XavierAlexander wrote:
Julie wants to be sure that she has enough pies for each of her 30 guests to have at least one slice. One pie can be divided into eight slices. If \(⌈x⌉\)represents the least integer greater than \(x\), and \(x\) is greater than \(0\), will \(⌈x⌉\) pies be enough for each guest to have at least one slice?
(1) \(5 < 2x < 12\)
(2) \(x\) is a multiple of \(3\)
Guys, the official answer is: BHere is the explanation from Manhattan:Each pie produces 8 slices and Julie needs to feed 30 guests. ⌈x⌉
is defined as an integer, so the question is asking about an integer value of pies. 3 pies would only produce 24 slices, which is not enough. 4 pies will produce 32 slices. Julie will need at least 4 pies to feed all her guests
(1) INSUFFICIENT: Simplify the inequality.
5 < 2x < 12
2.5 < x < 6
x can be anything between 2.5 and 6, giving multiple possible values for ⌈x⌉
. Test Cases to determine whether all values of ⌈x⌉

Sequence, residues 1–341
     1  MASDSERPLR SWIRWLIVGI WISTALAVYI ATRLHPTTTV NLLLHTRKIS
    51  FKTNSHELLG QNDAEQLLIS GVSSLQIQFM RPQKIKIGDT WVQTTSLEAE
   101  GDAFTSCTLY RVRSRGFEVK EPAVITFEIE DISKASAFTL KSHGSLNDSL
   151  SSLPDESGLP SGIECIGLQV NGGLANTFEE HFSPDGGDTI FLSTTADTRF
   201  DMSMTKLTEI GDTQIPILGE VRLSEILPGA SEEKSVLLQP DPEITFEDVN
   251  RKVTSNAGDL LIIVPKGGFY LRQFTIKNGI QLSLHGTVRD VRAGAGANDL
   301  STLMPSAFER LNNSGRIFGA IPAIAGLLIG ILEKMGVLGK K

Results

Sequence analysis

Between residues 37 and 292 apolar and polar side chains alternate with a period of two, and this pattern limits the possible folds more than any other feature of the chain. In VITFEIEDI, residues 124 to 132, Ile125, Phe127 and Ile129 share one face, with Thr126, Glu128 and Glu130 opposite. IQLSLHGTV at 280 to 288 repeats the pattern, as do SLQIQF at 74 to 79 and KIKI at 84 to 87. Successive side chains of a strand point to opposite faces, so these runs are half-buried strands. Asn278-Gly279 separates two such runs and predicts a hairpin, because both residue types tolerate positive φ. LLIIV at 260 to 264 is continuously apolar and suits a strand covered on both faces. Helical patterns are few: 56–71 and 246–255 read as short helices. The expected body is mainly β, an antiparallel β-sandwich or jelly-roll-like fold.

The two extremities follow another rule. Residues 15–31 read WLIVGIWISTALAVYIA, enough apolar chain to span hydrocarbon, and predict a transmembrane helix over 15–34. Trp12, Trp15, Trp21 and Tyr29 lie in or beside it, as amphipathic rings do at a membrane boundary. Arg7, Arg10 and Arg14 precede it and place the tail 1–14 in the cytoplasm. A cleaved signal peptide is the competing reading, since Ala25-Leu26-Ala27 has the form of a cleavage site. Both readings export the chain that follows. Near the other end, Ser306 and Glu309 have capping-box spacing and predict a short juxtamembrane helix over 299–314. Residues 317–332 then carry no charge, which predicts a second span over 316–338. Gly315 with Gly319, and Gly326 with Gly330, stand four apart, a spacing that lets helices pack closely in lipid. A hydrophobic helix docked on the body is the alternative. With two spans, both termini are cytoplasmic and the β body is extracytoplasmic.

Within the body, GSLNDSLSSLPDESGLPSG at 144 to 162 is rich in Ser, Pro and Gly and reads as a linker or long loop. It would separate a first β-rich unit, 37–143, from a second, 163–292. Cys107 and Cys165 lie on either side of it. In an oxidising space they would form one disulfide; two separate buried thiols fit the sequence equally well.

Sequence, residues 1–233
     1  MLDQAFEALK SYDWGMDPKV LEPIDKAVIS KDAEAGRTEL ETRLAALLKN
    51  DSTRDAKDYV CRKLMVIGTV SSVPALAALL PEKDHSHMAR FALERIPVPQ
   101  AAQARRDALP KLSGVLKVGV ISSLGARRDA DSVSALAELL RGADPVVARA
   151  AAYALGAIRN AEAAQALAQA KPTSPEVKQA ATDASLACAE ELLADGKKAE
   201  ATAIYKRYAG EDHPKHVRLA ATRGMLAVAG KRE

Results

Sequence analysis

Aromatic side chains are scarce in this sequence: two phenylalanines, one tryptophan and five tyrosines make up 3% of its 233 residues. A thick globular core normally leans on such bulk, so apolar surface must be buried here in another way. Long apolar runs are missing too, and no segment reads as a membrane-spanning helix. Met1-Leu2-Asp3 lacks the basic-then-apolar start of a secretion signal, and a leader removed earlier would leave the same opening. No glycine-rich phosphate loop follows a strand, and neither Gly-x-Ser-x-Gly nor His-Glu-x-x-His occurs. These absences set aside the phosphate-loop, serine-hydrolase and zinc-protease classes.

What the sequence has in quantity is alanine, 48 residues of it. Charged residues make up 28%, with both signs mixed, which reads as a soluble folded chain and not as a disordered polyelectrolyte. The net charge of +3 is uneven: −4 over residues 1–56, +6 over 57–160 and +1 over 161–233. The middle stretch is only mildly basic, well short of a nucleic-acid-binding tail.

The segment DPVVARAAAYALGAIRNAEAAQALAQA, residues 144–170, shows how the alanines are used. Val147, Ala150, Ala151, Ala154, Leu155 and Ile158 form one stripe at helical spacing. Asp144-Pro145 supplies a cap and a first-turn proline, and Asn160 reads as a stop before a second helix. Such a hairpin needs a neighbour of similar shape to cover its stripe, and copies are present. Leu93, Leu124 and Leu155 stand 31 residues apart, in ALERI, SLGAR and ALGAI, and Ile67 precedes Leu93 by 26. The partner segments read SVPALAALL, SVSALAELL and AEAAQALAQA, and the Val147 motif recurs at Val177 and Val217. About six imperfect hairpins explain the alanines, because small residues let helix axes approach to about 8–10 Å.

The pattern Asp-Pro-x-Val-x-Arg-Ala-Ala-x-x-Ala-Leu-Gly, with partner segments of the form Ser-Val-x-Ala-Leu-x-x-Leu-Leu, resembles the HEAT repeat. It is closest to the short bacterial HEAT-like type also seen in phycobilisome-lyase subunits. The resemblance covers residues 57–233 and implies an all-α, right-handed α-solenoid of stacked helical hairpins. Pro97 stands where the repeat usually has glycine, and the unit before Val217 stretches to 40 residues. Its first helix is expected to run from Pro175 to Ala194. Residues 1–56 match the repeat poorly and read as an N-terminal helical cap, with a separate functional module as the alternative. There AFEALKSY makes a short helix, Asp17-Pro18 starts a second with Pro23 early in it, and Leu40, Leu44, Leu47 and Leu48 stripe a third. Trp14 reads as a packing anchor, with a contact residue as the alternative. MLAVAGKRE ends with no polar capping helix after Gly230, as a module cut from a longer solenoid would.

are at least 4. Keep in mind that x does not have to be an integer, even though ⌈x⌉
does.
Case 1: x = 5.99, ⌈x⌉
= 6. Yes, there are enough pies.
Case 2: x = 2.51, ⌈x⌉
= 3. No, there are not enough pies.
Since there is at least one Yes case and at least one No case, this statement is not sufficient. Eliminate choices (A) and (D).
(2) SUFFICIENT: The question specifies that x is greater than 0. Therefore, x can be any positive multiple of 3. All of these produce enough pies for Julie.
Case 1: x = 3, ⌈x⌉
= 4. Yes, there are enough pies.
Case 2: x = 6, ⌈x⌉
= 7. Yes, there are enough pies.
Eliminate choices (C) and (E).
The correct answer is (B).